Personalization and Piña Coladas: In-Vehicle Entertainment Must Evolve as it Continues to Cross Formats

26 6 月, 2024 Xperi Jeff Jury
Senior Vice President and General Manager of Connected Car

As the vehicle increasingly plays a role as a third space for consumers — and as more and more EV owners spend time on their journeys charging their vehicles — it comes as no surprise that in-vehicle entertainment is important to car owners, especially those 44 and under, as confirmed by recent consumer surveys fielded by Xperi. That is great news for automakers who are focusing increasingly on the dashboard, as they look to leverage vehicle cockpit features to increase consumers’ likelihood to purchase their vehicle brand. For example, watching video in-vehicle — a capability that consumers say would influence their vehicle purchase decision — is up 25% year over year, and over 50% want screens in both the front and rear of their vehicles.

As consumers raise their hands to ask for an even greater variety of entertainment options in the vehicle, and what is offered in the dashboard crosses more formats from video to gaming it is important to remember that consumers want a ‘better’ entertainment experience, and those car companies that can deliver will win the battle for these customers. In fact, consumers are demanding more and more from their in-vehicle entertainment interactions, and much of what they demand is around making it simpler to use and, importantly, easier to discover. In other words, they want personalization.

Entertainment personalization already exists in other mediums consumers might stream at home or on their phones, but today they want that, and more, in their vehicles: holistic content discovery across all formats at once — video, audio and even gaming — on a platform that responds to sensed (based on in-vehicle behavior) and historical preferences of the vehicle’s passengers/driver. In fact, one in four consumers surveyed said personalized recommendations (i.e. the vehicle learns your entertainment preferences over time, and pushes content to you based on that) are an important feature in their next vehicle purchase — and that goes to 40% for ultra-luxury vehicle buyers, which is a good indication that this will grow in importance as car-buyers sift through their vehicle choices.

It is well established that innovations pioneered in high-end vehicles become tomorrow’s ubiquitous feature in all vehicle levels. This will also hold true when it comes to personalization: over 50% of car owners surveyed predict that, within the next five years, their car will be able to recognize them when they get in and make entertainment adjustments to suit their preferences.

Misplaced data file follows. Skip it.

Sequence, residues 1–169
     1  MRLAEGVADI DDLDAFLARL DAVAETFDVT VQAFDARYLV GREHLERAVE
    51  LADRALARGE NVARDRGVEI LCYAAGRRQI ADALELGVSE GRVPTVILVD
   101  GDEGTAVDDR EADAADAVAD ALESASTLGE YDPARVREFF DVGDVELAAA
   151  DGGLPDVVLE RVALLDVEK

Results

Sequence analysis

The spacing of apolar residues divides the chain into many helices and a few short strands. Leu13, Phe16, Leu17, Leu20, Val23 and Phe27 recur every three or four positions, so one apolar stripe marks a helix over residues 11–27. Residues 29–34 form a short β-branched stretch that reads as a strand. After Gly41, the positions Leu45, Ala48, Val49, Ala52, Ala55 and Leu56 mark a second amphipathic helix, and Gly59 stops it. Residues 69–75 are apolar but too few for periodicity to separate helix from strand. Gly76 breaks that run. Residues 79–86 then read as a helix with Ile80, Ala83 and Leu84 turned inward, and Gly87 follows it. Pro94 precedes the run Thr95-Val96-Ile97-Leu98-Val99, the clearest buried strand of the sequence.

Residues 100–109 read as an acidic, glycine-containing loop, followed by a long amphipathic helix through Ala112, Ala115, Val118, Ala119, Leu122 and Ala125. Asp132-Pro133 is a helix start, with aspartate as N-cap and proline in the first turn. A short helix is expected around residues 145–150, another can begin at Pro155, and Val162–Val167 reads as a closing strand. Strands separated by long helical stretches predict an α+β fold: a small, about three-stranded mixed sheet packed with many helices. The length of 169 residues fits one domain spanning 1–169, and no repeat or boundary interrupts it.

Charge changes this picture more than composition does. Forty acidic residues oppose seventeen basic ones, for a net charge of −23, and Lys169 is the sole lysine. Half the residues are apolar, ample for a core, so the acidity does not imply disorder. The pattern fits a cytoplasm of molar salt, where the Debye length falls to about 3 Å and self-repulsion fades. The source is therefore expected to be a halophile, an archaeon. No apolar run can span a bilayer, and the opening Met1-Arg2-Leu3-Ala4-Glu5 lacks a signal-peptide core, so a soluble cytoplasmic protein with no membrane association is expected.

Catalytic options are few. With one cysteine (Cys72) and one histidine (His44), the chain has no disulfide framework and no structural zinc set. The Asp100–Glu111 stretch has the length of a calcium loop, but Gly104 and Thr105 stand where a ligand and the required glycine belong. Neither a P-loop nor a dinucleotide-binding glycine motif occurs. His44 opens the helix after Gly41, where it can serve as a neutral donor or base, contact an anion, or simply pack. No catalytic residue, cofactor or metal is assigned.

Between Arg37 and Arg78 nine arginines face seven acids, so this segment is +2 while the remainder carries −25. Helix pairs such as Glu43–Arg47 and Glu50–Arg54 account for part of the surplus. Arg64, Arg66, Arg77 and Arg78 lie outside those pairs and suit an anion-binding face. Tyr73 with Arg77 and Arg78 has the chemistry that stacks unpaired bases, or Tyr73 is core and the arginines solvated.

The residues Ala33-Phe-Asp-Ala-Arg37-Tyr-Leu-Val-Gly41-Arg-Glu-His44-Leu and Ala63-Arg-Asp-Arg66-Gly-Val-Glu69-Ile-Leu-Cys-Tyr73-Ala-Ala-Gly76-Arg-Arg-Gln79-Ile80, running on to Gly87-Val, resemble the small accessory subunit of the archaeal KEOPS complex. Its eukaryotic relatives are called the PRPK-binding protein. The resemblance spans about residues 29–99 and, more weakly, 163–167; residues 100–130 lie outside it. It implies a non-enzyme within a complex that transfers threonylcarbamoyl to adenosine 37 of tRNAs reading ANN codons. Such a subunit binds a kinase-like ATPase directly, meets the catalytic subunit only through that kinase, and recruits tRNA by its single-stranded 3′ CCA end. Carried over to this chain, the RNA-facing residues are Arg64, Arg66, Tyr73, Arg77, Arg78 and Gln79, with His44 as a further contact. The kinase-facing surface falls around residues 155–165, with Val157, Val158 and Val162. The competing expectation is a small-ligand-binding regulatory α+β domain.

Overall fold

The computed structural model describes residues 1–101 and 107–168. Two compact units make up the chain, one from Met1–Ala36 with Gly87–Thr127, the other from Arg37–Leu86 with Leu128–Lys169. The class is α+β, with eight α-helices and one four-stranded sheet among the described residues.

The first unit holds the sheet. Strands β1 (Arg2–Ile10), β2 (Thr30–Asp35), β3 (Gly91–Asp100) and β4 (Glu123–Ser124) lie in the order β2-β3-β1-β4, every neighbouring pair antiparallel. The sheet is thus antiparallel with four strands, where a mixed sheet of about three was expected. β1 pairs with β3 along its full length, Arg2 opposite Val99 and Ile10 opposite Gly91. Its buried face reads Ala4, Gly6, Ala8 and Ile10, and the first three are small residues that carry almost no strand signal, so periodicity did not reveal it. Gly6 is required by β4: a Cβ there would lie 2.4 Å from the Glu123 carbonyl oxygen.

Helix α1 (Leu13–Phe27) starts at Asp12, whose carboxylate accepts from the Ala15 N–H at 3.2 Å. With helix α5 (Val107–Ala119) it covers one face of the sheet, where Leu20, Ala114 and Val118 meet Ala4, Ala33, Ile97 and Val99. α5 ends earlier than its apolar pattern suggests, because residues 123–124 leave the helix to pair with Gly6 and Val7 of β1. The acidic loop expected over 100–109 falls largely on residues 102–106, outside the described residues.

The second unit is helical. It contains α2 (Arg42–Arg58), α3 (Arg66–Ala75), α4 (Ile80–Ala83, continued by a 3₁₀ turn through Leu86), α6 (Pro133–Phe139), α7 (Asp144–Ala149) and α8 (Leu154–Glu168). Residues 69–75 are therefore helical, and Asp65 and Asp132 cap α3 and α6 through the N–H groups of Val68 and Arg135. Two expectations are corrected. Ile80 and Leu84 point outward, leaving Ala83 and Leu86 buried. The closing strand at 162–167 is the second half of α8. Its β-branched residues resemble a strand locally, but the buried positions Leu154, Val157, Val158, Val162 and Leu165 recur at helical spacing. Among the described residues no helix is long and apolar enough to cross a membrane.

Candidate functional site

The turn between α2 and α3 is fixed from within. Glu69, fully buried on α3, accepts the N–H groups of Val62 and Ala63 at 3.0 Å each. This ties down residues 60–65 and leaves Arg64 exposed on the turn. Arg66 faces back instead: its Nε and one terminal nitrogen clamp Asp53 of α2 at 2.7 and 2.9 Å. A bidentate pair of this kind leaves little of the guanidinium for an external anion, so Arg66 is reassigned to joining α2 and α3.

So, a platform that is able to navigate across all media, tying it together with relevance, is critical to the successful future of in-vehicle entertainment and to its safety, as it can predict what the user wants, and play it without any hands coming off the steering wheel or eyes off the road. In fact, 41% of car owners say they dislike having to hop from source to source just to find something good to listen to in the car.

For example, if you have been listening to a story on NPR as you drive, when you stop to charge, a video of a TED Talk on that topic might be suggested, taking up eighteen minutes of the time needed to fast charge. Taken to the next level, you might be at home, watching Kate Hudson in “Almost Famous,” but have to stop watching to pick up the kids; when you get in your vehicle, Hudson’s new country album may be suggested, or an interview with her on Fresh Air. And, while you are parked waiting for the kids, it might start playing the movie where you left off. Taken to yet another, perhaps more futuristic (but only slightly), level: you are driving across Key Largo on the way to Key West, and your vehicle, perhaps with the addition of a little AI magic, creates some on-the-fly music or an environment that pulls in something native that gets you into a Key West state of mind, which can then ease into even more specific content with information about the Keys. Then, a step further, into artist content, such as playing “If You Like Piña Coladas” and, leveraging millions of pieces of metadata, surrounding it with images, lyrics and more…maybe even a trivia game on Jimmy Buffet songs. And, if you stop to charge the vehicle, or are waiting as your spouse pops into the grocery store for piña colada supplies, it offers a video of Jimmy Buffett’s cameo turn as a bartender trying to save two margaritas during a dinosaur attack in “Jurassic Park.” 

These are all scenarios that are entirely within the grasp of automakers in the very near future and it is happening rapidly. Responding to what consumers say they want from their in-vehicle entertainment is a no-brainer when it comes to finding new ways to influence vehicle purchase choice, and clearly, personalization is key. But the benefits to automakers of an in-cabin entertainment ecosystem that learns its users’ preferences go well beyond influencing the vehicle purchase. There are future opportunities for new revenue streams, all while ensuring drivers/passengers are getting, with the least amount of effort, exactly what they want, when they want, in their in-vehicle entertainment. And that is what I am going to talk about in my next blog. Stay tuned.

For more insights on connected car research, click here.